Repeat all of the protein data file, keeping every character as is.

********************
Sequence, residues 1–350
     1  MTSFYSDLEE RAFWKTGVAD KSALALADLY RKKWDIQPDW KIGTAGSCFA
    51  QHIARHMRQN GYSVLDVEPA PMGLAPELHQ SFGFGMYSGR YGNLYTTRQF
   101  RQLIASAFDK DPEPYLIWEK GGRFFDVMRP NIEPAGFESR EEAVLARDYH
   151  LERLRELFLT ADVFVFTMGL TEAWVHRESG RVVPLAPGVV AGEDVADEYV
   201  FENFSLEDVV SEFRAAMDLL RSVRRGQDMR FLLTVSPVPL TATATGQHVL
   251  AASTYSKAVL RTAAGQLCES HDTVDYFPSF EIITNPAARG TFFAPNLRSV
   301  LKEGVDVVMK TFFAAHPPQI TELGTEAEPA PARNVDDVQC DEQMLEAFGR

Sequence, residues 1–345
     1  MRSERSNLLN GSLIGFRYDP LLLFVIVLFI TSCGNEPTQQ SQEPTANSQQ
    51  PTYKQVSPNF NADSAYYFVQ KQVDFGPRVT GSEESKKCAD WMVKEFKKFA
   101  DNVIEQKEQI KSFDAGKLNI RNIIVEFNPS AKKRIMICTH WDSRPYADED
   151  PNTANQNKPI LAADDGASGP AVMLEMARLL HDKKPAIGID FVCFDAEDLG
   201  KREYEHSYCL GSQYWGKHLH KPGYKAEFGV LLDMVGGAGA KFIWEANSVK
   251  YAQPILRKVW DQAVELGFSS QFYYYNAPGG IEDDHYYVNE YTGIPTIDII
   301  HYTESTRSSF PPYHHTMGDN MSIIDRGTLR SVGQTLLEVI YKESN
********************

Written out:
Sequence, residues 1–350
     1  MTSFYSDLEE RAFWKTGVAD KSALALADLY RKKWDIQPDW KIGTAGSCFA
    51  QHIARHMRQN GYSVLDVEPA PMGLAPELHQ SFGFGMYSGR YGNLYTTRQF
   101  RQLIASAFDK DPEPYLIWEK GGRFFDVMRP NIEPAGFESR EEAVLARDYH
   151  LERLRELFLT ADVFVFTMGL TEAWVHRESG RVVPLAPGVV AGEDVADEYV
   201  FENFSLEDVV SEFRAAMDLL RSVRRGQDMR FLLTVSPVPL TATATGQHVL
   251  AASTYSKAVL RTAAGQLCES HDTVDYFPSF EIITNPAARG TFFAPNLRSV
   301  LKEGVDVVMK TFFAAHPPQI TELGTEAEPA PARNVDDVQC DEQMLEAFGR

Sequence, residues 1–345
     1  MRSERSNLLN GSLIGFRYDP LLLFVIVLFI TSCGNEPTQQ SQEPTANSQQ
    51  PTYKQVSPNF NADSAYYFVQ KQVDFGPRVT GSEESKKCAD WMVKEFKKFA
   101  DNVIEQKEQI KSFDAGKLNI RNIIVEFNPS AKKRIMICTH WDSRPYADED
   151  PNTANQNKPI LAADDGASGP AVMLEMARLL HDKKPAIGID FVCFDAEDLG
   201  KREYEHSYCL GSQYWGKHLH KPGYKAEFGV LLDMVGGAGA KFIWEANSVK
   251  YAQPILRKVW DQAVELGFSS QFYYYNAPGG IEDDHYYVNE YTGIPTIDII
   301  HYTESTRSSF PPYHHTMGDN MSIIDRGTLR SVGQTLLEVI YKESN